The Discipline of Action: Building Stoic muscles

Sometimes it feels like a lot of Stoic teachings are telling us what not to do. Don’t worry about things you can’t control. Don’t get upset when someone doesn’t like you. Don’t love your fancy expensive car. Don’t become obsessed with poverty and wearing potato sacks. Don’t brag about your progress. Don’t get too comfortable with Fortune.


In order to change our behaviors, it’s not enough to know what we shouldn’t be doing. We need to know what we’re aiming for!

I’ve been interested in training dogs since I was a little girl, and one of the key things in changing a dog’s behavior is to simply teach the dog what you specifically want it to do. This avoids a lot of confusion from the dog not knowing exactly which behavior it should be doing, and therefore grasping at straws (if dogs had thumbs) and floundering to try any behavior. (You told me I shouldn’t poop on the couch, so I pooped on the rug instead. Oops.)

Enter: the discipline of action. This is the part of Stoicism where they say “Do this!” The direction this discipline goes might also be surprising.

To be technical, we’re not talking about actual action, but rather the “impulse to act and not to act.” That response we feel when we have an experience. (From our driving example in the Desire post, your impulse to act would be between the point where the slow driver cuts in front of you and when you start bad-mouthing them and eventually flipping them off.) Whether I successfully flip off the other driver is not in my power (my hand might get cut off from another car driving by), but my inclination and my intention are in my power (Ooooh, that driver makes me so angry! I’m going to flip him off!)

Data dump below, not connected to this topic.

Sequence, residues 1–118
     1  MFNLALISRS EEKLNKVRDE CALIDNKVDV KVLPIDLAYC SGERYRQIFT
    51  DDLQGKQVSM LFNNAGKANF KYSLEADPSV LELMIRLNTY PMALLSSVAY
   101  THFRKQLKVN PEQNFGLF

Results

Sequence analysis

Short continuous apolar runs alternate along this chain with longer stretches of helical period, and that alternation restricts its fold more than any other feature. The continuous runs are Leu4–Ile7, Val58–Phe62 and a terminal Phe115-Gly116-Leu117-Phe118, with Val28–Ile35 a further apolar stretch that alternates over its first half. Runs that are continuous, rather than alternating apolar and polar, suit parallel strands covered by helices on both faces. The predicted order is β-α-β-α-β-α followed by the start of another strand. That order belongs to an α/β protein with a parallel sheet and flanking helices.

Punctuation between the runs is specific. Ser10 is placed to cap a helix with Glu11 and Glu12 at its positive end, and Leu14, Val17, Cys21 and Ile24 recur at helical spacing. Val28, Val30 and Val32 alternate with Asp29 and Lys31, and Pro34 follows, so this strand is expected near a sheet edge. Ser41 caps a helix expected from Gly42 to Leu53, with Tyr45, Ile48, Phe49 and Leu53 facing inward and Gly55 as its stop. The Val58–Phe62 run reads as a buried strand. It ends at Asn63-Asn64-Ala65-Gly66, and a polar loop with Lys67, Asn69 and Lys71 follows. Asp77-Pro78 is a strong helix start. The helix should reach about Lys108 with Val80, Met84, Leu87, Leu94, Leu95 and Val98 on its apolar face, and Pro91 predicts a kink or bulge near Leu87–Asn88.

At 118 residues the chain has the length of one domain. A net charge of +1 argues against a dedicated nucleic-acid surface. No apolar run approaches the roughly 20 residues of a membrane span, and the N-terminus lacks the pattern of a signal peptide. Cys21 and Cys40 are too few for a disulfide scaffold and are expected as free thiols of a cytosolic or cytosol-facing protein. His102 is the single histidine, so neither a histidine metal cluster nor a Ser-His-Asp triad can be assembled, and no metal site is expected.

If you manage to hit the target, cool. But hitting the bullseye isn’t the entire story by any means.

The Stoics compared the concept of “right action” to an archer shooting at a target. The goal is to hit the target, but no matter how skilled the archer is, the end result of hitting the target isn’t actually in his own power. There are a lot of variables that an archer has no control over, such as wind gusts or even the bow breaking. But the archer recognizes that doing his best is the best he can do, and he’s not disappointed if he misses the target because his main interest is in shooting well. Therefore, along with focusing our desire on Virtue, we also need to focus our actions toward being virtuous.